In public, due to my gender expression, people have judged and overlooked me, making me feel uneasy and unsure of how to fit into their society. I don’t know how they perceive people like me. When I dressed up as a dancer, there were mixed reactions—some people laughed or showed interest, but others asked disrespectful questions about the LGBTQ+ community. These experiences happen repeatedly, and it’s important that we take steps to raise awareness and encourage others to be mindful of their words and actions.

The primary challenges experienced by our local LGBTQ+ community are associated with sexual orientation, gender identity, gender expression, and sex characteristics (SOGIESC). Also, when members of the community come out, they experience discrimination from society, family, friends, and public figures around them. They express themselves through their clothing, behavior, and the like. They often receive negative opinions, leading them to hide in the closet rather than face criticism. 

I still face challenges from my relatives, friends, and the public, who often try to persuade me to conform to traditional gender norms. SOGIESC issues continue to be the greatest challenge for our society.

What message do you want to give to the community? 

Before deciding to pursue a career as a dancer while also being part of the LGBTQ+ community, I almost gave up on my dreams. However, a voice whispered in my ear, reminding me not to give up easily because I had worked so hard on this long journey.

What messages do you have for the LGBTQ+ community and allies?

Allies and straights, I understand that it may be complicated for some of you to accept something different due to societal norms and the fear of the unknown. I urge you to remain calm and open-minded and take the time to understand and listen to us. Get to know us better. 

For instance, I am a dancer. Please look beyond my gender and simply acknowledge me as a dancer. I’m just doing my job of expressing myself through the art of dance to provide you with visual entertainment. LGBTQ+ people are just as capable as straight people. Like in any community, there are good and bad individuals, so it’s important not to make assumptions about the entire community based on one person.

To my fellow LGBTQ+ lovers: I support and understand you completely because I am like you. Please don’t give up, and let’s support each other. I know it’s challenging to gain acceptance from everyone, but it starts with accepting and loving ourselves first. When we are strong physically and mentally, and when we know and believe in ourselves, work hard, and continue fighting, people will start to notice us. Sooner or later, people will accept us for who we are. Let’s start now and lead by example.

@phareponleuselpak Happy Belated Pride Month from Phare! 🌈 #pridemonth ♬ original sound - Phare Ponleu Selpak

Photo credit: Stefano Morrone

What would you want to say to the Phare community?

I am grateful to the school, teachers, and all the staff for their understanding, love, and support. They embrace and support me for who I am and also support other LGBTQ+ individuals on campus and beyond.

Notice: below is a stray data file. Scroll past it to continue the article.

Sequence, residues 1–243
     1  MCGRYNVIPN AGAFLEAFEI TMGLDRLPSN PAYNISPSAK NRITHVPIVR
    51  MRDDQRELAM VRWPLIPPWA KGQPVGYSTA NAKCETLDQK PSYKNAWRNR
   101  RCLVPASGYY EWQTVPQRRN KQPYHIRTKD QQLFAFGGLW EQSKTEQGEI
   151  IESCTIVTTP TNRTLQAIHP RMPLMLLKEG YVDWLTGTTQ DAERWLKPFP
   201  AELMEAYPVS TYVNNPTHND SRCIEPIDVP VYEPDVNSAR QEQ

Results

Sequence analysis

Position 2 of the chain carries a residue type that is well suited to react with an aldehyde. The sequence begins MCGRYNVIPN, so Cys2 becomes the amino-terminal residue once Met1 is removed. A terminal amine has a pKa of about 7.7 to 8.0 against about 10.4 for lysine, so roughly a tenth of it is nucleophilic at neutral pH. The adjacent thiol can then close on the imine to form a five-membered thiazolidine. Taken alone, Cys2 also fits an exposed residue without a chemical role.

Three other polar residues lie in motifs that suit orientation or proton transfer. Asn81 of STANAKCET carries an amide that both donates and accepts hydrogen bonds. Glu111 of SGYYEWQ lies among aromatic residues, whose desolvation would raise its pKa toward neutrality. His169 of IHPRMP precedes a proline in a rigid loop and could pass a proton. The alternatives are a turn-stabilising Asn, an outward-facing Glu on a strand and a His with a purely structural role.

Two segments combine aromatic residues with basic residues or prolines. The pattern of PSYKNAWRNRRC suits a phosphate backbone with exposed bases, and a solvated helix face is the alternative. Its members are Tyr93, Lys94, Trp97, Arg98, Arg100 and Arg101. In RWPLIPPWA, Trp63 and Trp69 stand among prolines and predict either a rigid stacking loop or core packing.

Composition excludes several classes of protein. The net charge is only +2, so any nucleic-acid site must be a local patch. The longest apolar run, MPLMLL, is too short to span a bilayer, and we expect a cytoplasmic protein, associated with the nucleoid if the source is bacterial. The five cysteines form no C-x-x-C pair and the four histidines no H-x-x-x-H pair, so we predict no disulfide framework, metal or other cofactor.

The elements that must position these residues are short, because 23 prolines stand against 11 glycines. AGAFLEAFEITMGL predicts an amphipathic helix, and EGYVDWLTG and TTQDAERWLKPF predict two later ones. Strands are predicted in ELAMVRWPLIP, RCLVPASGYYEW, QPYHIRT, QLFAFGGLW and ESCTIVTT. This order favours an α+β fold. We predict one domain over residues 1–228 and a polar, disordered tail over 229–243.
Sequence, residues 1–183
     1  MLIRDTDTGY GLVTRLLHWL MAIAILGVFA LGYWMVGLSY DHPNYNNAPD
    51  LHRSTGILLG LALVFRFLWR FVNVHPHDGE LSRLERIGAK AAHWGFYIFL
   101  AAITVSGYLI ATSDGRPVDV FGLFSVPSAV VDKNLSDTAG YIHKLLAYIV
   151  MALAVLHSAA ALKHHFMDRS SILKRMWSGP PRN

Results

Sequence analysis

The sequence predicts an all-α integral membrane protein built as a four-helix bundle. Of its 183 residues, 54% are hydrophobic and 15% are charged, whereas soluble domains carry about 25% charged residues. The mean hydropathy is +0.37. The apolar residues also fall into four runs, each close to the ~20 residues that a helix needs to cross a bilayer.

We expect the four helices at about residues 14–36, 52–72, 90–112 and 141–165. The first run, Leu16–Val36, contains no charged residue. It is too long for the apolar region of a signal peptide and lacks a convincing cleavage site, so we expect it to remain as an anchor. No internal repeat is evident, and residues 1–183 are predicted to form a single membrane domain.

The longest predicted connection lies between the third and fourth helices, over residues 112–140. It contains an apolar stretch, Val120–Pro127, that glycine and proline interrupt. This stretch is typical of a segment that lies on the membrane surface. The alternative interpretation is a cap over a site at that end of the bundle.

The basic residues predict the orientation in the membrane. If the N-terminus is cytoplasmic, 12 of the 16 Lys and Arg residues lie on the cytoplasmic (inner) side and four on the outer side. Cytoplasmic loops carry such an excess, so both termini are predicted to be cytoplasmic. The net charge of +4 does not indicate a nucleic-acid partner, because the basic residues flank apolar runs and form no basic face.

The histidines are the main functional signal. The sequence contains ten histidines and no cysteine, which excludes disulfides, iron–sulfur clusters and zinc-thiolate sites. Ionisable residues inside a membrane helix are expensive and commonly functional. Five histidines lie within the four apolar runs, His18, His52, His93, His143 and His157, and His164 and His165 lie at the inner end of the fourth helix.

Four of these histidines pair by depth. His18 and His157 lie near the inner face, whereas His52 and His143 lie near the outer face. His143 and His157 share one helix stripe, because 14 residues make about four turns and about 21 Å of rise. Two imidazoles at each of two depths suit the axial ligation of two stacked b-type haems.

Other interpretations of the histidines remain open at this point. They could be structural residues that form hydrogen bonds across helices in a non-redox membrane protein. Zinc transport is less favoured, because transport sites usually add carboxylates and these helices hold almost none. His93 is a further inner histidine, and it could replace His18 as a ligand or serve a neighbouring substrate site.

Phare Ponleu Selpak feels like a second home to me, and I am always greeted with a warm smile. I appreciate the opportunities they provide for me to participate in new events and showcase my talents. During performances, they offer unwavering support, congratulate us, and encourage us to continue working hard in the arts, despite being a part of the LGBTQ+ community. Their messages and encouragement give me the strength to pursue my journey as a dance artist and as a trans woman at school.

Photo credit: Stefano Morrone

Anything else you want to add or say?

I am grateful to myself, my dance teacher, HANG Sela, and my friends, who have inspired and motivated me from the beginning and continue to do so today. 

My teacher told me that if this was my dream, I should not give up easily because time goes by fast. I should pursue it now before it’s too late and regret it later, and so should you.


Sarann fulfilled her dream of becoming a dancer at Phare Performing Art School in Phare Ponleu Selpak through art education and a welcoming environment. Despite facing challenges and discrimination, she continues to fight and has accomplished many amazing things for Cambodian society, while also playing a role in preserving Khmer traditional dance. 

At Phare Ponleu Selpak, every individual is treated with fairness, respect, and dignity. Art has no gender: individuals, regardless of their background, gender, religion, or the like, are welcome to enroll in the art education we offer at Phare Ponleu Selpak.

Donate and make a difference today: Through the power of arts and education, every contribution you make brings light and hope into the lives of Cambodian children and youth.


Chan Rattanakoudom works at Phare Ponleu Selpak
CHAN Rattanakoudom
Chan Rattanakoudom works as the Communications Assistant at Phare Ponleu Selpak and is an English Second Language Teacher. He dreams to be an English blog writer and wants to develop his communication skills. He loves to create and watch traveling videos in his free time besides reading.